My fellow writer, Janice Horton, is throwing a “Spellbindingly Fun Blog Party” today and as a little light relief, I’m joining in.
Magic was an integral part of Roman life – astrology, amulets, incantations, spells, healing and cursing formulas. Pliny’s conclusion, however, was cautious: though he dismissed magic as ineffective and infamous, it nevertheless contained “shadows of truth”, particularly of the “arts of making poisons”. Yet, Pliny states, “there is no one who is not afraid of spells” (including himself presumably!). He neither commended or condemned the amulets and charms that people wore as preventive medicine but instead suggested that it was better to err on the side of caution, just in case a new kind of magic, a magic that really worked, might be developed at any time.
The emperor Constantine I in the 4th century AD issued a ruling about all charges of magic. He distinguished between helpful charms, not punishable, and “antagonistic” spells. Roman authorities specifically decided what forms of magic were acceptable and which were not. Those that were not acceptable were termed “magic”; those that were acceptable were usually defined as traditions of the state or practices of the state’s religions. Talk about rationalisation!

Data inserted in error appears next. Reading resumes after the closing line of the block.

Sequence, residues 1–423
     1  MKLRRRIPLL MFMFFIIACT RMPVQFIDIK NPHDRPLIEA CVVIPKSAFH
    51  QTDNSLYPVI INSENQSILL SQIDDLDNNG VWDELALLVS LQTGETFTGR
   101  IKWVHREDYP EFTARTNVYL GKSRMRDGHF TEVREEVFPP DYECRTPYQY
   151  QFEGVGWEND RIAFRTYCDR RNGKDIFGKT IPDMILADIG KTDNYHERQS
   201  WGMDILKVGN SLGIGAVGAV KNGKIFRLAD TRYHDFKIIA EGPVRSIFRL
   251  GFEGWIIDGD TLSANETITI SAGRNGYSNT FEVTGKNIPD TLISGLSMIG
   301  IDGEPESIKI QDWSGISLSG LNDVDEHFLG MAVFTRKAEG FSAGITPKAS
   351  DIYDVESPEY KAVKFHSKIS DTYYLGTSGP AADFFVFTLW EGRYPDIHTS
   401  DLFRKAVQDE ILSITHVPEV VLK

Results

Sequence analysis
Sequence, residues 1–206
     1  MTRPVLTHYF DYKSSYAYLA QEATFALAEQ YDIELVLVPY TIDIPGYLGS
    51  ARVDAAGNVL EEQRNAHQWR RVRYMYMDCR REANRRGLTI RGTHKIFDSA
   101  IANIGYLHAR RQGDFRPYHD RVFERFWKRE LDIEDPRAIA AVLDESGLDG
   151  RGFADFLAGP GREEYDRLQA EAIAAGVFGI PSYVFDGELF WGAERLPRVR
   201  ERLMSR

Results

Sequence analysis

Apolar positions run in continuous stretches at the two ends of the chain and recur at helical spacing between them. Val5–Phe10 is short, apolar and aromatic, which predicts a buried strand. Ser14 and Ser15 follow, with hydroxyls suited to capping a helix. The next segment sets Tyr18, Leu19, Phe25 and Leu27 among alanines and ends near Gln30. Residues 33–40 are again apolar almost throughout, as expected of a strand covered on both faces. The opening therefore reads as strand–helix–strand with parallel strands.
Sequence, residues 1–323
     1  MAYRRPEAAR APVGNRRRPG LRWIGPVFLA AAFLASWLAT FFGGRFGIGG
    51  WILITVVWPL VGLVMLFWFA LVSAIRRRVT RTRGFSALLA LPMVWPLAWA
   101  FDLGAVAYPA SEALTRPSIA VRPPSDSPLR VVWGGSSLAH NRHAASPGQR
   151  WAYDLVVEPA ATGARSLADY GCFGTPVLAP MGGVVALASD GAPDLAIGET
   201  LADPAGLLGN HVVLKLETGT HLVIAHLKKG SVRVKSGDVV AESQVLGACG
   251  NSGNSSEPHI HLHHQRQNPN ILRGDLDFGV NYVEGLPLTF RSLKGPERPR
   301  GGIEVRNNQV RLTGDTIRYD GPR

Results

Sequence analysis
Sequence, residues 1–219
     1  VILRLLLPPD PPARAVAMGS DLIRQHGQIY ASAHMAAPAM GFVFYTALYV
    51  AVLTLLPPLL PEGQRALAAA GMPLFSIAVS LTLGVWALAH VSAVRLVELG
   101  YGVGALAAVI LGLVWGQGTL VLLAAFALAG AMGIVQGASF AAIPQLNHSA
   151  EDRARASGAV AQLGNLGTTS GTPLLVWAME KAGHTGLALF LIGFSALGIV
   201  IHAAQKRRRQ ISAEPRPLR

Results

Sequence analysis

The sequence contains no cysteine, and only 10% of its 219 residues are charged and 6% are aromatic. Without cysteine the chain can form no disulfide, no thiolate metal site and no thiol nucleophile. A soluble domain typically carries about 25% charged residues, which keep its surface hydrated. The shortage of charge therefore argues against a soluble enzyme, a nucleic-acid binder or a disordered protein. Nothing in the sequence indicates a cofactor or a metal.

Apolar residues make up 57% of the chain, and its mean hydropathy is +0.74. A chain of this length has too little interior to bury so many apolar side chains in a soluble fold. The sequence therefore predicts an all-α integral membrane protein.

So, on to Janice’s Spellbinding party. All participants have to prepare a spell (hopefully not counting as “antagonistic”) and may mention their object of desire at the end. At the end of the spell, you may not be totally surprise by my object of desire, given my previous post.
Feather of a golden eagle, brush the dragon’s tears and stardust into one. Crush three wild rose petals into the mix and add five drops of snake venom. Chant the incantation, dip your finger into the potion, touch your head and heart with your fingertip then pour the mixture over the parchment paper on which your desire is written.
My object of desire:
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